A British hacker has been locked up after stealing the data of some 165,000 individuals which he then sold off for bitcoin on the dark web.
Grant West, 26, from Kent in England, was sentenced to 10 years and eight months in prison by Judge Michael Gledhill who reportedly said:
“When such inadequate security is confronted with a criminal of your skills and ambition it is totally unfit for purpose and worthless.”
West hacked a number of brands, including Uber, to obtain emails and other details. He’d then send phishing scam emails pretending to be from Just Eat takeaway from July 2015 to December 2015.
That netted him some £2 million worth in crypto, with £1.5 million unaccounted while £500,000 in bitcoins has been seized by British police, a first for the the 188 -year-old London police department.
The hacker used his girlfriend’s laptop, which was seized when the police raided his residence following his arrest while traveling first class to London (pictured).
Some 63,000 debit and credit card details were found, seven million email addresses with passwords, as well as the details of more than 500 companies.
They were also able to seize £25,000 in cash and half a kilo of cannabis with his girlfriend, Rachael Brookes, a 26 year old from North Wales, given a community order after pleading guilty to unauthorised access of computer material.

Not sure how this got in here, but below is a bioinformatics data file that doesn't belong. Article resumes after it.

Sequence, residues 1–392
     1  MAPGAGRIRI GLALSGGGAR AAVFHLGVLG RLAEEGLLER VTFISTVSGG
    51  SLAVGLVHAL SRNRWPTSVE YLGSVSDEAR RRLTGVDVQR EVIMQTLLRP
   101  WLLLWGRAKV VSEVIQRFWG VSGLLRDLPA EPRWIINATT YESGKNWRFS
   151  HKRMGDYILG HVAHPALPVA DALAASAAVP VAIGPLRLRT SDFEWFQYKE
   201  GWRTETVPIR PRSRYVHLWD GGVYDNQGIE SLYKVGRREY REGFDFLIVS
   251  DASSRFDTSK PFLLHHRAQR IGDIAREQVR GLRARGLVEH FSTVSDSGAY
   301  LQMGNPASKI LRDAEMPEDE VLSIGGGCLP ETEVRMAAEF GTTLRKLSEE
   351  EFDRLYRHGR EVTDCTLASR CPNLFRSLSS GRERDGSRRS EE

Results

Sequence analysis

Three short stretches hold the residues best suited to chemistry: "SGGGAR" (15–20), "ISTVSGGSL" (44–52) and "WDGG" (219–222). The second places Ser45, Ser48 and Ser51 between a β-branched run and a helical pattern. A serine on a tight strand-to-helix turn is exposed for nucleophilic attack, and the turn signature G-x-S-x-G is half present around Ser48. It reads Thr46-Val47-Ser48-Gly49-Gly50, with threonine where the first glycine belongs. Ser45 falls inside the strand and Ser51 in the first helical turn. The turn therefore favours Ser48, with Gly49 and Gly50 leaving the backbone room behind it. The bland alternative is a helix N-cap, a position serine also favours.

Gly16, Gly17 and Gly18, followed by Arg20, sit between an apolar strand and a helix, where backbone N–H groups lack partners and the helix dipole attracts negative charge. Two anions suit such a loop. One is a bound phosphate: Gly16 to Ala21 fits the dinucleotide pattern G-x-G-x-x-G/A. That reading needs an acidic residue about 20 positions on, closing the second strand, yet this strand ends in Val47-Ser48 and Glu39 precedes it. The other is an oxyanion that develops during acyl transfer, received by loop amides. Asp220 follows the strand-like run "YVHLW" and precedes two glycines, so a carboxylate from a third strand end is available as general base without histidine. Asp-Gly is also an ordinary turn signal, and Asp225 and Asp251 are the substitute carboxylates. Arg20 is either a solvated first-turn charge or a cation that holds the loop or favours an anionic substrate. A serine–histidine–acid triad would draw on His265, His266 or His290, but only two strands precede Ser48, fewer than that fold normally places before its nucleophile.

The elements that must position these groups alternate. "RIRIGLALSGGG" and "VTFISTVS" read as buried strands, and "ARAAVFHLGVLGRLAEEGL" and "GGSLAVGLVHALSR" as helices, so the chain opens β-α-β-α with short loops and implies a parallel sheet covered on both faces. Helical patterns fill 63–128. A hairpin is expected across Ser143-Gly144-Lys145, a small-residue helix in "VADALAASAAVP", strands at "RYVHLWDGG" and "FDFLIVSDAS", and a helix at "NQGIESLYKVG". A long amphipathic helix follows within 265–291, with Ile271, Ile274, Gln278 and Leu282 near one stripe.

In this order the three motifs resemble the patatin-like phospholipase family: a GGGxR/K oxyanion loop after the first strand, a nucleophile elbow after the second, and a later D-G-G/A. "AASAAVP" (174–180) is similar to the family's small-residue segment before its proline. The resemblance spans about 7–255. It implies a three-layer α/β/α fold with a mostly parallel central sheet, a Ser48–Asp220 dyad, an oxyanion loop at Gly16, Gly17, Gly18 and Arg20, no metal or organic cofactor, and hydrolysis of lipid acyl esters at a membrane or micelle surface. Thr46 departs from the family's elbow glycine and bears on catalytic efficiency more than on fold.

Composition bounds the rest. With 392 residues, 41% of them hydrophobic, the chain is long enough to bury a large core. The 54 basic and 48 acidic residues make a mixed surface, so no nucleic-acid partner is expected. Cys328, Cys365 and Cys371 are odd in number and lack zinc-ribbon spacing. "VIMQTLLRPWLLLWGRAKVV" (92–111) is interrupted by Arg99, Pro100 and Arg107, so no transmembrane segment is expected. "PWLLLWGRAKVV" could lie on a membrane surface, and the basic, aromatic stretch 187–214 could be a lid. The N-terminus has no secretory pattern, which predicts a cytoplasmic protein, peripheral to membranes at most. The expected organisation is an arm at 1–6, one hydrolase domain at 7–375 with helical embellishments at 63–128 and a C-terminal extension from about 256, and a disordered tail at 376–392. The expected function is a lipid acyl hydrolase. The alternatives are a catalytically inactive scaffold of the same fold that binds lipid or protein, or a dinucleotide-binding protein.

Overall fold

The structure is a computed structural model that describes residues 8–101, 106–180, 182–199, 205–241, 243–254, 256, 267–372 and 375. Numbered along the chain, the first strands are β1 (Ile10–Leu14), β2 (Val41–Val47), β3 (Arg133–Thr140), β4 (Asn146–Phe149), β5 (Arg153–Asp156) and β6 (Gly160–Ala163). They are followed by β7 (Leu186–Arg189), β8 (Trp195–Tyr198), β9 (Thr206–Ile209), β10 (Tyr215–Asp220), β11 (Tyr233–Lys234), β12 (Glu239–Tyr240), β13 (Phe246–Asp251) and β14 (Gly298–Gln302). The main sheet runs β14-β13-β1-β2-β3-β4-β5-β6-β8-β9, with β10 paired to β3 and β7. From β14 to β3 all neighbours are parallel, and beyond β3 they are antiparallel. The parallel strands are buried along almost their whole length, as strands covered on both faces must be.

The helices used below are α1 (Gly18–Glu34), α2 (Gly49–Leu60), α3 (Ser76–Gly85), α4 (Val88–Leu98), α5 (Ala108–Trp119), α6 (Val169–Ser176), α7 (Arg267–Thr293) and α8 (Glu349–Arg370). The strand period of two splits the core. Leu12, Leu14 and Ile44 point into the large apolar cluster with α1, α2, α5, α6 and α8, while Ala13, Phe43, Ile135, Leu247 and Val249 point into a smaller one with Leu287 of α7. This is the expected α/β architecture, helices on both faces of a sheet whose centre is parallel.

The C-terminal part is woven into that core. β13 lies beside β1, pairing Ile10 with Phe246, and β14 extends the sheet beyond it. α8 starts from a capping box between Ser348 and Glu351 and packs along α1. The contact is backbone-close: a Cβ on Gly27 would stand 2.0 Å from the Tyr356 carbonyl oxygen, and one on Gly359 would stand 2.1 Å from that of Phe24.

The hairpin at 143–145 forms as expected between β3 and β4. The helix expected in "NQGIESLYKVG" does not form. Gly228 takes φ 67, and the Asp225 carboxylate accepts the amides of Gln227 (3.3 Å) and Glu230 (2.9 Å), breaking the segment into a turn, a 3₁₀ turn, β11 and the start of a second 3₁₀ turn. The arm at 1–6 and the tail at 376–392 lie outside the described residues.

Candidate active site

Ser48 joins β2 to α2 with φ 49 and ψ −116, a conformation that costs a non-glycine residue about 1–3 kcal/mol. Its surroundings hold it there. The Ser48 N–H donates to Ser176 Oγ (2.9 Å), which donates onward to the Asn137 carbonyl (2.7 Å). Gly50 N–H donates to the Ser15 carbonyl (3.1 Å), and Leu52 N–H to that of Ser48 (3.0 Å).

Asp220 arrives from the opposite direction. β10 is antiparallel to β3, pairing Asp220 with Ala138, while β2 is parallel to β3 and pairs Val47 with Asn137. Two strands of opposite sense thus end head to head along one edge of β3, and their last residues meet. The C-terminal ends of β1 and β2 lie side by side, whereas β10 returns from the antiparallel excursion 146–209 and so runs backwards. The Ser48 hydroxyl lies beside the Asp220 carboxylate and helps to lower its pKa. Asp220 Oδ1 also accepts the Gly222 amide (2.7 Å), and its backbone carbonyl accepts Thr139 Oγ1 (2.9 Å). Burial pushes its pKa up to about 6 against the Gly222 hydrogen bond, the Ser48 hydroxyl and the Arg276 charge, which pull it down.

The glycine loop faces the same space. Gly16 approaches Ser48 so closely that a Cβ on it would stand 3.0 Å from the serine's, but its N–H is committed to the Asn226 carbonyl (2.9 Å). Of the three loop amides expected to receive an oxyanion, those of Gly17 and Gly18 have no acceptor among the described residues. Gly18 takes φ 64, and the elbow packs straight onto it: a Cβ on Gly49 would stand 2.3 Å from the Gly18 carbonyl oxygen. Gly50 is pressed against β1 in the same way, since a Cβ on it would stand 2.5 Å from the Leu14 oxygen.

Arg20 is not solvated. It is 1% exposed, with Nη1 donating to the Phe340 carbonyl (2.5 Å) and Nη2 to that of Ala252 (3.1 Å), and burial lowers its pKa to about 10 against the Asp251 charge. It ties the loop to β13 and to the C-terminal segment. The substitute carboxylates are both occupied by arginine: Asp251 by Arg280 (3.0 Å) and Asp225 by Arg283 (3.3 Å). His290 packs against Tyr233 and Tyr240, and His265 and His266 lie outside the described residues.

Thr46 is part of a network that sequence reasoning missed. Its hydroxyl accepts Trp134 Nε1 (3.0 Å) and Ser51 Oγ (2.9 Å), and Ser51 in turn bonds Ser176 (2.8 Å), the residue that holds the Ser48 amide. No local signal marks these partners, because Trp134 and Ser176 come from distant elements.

It remains somewhat unclear how the bitcoins were seized exactly, but the stolen data was found on an SD card where presumably resided the bitcoin private key.
Something which might suggest the hacker hasn’t taken very much care of his own security, although as stated some £1.6 million worth of crypto is unaccounted.
The judge described him as “a one man cyber crime wave,” suggesting he was plotting on his own, rather than as part of a group, although how the judge reached that conclusion remains unclear as he could have well been co-operating or co-ordinating online.
This is one of the first case to involve crypto and a hacker. Billions have been stolen in this space, but few have faced justice.
That may be because police departments spend far too much on new gear to make them look like robocops, rather than on code training as well as code related expertise.
That may, however, begin to change as more and more of the world continues to run online, including now the transfer of digital cash like currencies such as bitcoin.